My husband and I have always focused on embracing the moment with our two young daughters rather than dwelling on what awaits us. But given the recent Arab uprisings, the ongoing economic crisis, and the devastating tsunamis, earthquakes, tornados and floods wreaking havoc across the globe, I’m starting to rethink our position.

    What if the Mormons are right? What if the world really is headed for collapse?

    We do have what my mom has sent us in the surprise UPS packages that occasionally show up at our door – tin foil space blankets, hand crank flashlights, a five-pound bag of hot chocolate mix and a ten-pound bag of instant potatoes. But at the moment, we don’t have enough water stored to make the hot chocolate or instant mashed potatoes – let alone keep us from dying of dehydration.

    A friend and I are discussing a wine and preparation evening that involves stuffing personal backpacks with a three-day food supply and some cash. I’m even considering a Costco run. But if things get really bad, I’m grateful to have a Mormon mom who loves me despite our opposing views on religion.

    I’m certain my mom didn’t have me in mind when she talked about gentiles descending on our valley. But if I can find a way to get my family and friends from Seattle, where I now live, to her house in Northern Utah, I know she’ll welcome us with open arms.

    I also know there will be a whole cellar stuffed with food and water waiting for us.

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5 Responsesso far.

  1. I loved the post about your mother, but trust me, it’s not just the Mormons who believe the end time is near. I have many similar experiences and stories about my Baptist mother. And I feel the same way you do about all that’s going on right now. When you’re raised with that strong belief system you can’t help but think end of times when you watch the news. I do every day. I too have a mother (in Oregon) who stockpiles. We disagree on my things religion, but I am grateful she’s in this world to pray for me and send me little packages.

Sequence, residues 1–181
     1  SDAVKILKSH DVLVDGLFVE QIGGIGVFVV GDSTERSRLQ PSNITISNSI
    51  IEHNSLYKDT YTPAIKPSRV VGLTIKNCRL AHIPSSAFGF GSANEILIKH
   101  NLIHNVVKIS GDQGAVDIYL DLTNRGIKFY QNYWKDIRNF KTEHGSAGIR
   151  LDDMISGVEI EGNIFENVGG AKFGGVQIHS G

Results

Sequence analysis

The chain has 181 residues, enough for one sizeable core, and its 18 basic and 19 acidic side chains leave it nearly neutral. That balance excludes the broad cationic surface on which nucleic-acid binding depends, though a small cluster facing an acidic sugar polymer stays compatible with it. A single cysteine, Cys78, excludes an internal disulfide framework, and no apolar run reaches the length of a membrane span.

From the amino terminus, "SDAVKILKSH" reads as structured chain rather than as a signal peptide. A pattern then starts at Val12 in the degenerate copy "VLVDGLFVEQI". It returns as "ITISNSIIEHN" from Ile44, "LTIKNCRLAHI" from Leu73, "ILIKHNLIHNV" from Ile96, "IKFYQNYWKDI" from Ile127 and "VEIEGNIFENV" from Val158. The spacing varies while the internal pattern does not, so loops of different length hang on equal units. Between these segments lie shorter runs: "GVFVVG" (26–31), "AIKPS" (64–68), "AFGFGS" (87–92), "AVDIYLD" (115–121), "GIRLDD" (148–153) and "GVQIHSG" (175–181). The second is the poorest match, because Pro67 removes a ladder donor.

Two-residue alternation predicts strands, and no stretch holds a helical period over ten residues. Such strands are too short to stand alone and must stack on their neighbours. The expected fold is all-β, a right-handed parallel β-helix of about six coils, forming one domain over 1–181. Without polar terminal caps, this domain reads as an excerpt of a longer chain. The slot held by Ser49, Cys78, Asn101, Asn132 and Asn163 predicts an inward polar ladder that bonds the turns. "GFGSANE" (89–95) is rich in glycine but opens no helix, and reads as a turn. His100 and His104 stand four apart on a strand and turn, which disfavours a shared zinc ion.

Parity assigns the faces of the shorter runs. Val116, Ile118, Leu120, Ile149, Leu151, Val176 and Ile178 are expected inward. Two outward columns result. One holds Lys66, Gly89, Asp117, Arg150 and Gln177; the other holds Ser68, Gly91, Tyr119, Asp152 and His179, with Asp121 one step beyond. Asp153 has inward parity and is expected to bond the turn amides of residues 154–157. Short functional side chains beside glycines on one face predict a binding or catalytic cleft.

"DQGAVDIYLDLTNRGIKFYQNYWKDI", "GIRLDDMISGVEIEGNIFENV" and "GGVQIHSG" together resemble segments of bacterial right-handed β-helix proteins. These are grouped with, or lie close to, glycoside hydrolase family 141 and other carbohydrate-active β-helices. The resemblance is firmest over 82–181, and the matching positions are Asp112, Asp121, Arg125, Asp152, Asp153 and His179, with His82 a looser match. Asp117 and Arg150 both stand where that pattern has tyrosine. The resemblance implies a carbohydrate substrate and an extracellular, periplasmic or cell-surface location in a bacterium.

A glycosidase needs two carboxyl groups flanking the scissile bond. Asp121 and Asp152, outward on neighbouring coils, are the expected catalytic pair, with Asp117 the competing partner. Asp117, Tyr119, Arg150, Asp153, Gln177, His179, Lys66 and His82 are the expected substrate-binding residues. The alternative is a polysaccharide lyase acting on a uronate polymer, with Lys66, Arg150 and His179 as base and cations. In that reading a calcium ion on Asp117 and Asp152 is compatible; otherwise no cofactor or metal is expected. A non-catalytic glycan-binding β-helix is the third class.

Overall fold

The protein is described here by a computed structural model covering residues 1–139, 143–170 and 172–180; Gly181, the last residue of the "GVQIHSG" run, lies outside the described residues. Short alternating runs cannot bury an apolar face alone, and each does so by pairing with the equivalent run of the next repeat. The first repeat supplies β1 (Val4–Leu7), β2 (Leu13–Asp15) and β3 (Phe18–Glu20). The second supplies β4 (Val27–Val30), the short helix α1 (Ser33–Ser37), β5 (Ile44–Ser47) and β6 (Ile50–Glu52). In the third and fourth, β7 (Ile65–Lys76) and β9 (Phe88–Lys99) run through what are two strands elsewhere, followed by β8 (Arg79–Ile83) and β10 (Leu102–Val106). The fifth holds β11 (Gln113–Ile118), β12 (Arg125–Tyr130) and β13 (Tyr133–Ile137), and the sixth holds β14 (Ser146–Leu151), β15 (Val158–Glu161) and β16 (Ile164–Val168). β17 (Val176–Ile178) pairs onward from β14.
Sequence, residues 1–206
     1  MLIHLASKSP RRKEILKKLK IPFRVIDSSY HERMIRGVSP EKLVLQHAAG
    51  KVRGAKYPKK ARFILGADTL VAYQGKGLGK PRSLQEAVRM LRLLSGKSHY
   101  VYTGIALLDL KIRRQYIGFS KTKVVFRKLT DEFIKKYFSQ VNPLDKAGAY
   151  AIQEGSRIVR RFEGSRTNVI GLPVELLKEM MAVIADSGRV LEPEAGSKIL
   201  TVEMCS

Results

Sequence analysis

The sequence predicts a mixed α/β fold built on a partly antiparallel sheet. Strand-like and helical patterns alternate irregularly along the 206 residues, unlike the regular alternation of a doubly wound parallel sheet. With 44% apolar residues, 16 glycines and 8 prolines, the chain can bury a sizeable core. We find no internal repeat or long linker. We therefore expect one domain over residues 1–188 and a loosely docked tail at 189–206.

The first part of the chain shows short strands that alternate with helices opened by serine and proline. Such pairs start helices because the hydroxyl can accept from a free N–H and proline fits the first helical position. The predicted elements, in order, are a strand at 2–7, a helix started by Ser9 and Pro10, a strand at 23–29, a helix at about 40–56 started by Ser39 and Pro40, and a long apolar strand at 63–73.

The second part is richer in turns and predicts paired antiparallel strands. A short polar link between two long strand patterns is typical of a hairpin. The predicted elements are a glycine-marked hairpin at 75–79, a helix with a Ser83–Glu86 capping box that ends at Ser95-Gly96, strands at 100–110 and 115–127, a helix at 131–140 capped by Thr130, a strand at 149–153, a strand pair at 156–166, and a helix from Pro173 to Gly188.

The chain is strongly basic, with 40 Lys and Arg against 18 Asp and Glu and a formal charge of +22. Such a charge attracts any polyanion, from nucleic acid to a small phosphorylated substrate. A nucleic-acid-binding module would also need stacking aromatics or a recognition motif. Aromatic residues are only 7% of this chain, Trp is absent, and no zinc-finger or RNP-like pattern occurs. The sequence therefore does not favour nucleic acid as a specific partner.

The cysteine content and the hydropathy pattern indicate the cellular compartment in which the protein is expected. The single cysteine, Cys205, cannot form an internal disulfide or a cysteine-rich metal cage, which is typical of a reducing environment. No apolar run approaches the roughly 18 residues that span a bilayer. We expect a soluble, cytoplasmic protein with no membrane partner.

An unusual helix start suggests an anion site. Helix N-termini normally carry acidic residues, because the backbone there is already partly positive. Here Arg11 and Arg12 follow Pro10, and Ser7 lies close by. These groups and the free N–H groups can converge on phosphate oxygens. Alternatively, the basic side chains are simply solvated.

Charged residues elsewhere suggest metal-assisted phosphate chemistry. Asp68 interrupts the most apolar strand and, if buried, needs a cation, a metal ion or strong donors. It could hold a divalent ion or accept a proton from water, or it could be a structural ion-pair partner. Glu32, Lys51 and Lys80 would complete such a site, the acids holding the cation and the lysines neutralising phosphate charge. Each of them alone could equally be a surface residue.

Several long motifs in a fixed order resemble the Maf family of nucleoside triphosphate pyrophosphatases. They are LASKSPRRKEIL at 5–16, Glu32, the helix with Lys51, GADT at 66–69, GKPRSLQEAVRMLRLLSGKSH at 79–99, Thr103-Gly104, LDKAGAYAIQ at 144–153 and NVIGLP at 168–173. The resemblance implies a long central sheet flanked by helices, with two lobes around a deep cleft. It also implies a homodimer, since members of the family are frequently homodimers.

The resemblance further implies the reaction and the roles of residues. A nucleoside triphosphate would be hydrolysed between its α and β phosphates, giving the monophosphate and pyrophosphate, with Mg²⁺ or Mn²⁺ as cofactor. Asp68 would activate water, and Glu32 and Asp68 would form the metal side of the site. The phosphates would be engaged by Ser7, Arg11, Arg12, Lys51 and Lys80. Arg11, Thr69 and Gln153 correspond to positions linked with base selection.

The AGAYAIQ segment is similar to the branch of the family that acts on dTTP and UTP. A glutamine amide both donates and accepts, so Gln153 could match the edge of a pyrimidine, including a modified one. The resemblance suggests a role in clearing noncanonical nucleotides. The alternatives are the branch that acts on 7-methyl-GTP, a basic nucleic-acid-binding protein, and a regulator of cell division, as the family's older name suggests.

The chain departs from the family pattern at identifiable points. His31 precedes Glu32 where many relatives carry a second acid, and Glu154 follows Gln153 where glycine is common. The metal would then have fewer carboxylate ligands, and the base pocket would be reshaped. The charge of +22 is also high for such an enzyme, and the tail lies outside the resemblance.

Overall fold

2. Amazing article! Thank you for sharing this. I have never heard of this practice of Mormons before. Although I doubt I would ever be as paranoid as your mother (lol no offense!), I think that preparing for an emergency is absolutely necessary. As long as you don’t go overboard and scare yourself to death every day thinking the world will end any minute, having stocks of food lying around in your basement is a great idea!

  3. Thanks for your note, Mindy. I know – it’s crazy. Though I find it such a fascinating subject.

  4. Thanks for your note, Iris. I agree…preparation can be a good thing. As long as it’s in moderation.

  5. The superstitions you were taught as a child stay with you as an adult. It takes an incredible amount of perseverance, courage, and painful personal insight as to how those teachings colored your world view, in order to reconcile the “truth” you were taught with reality. I’m sure if you look at history you will find many examples of “The End Times” being just around the corner and people convinced of that, that never came to be.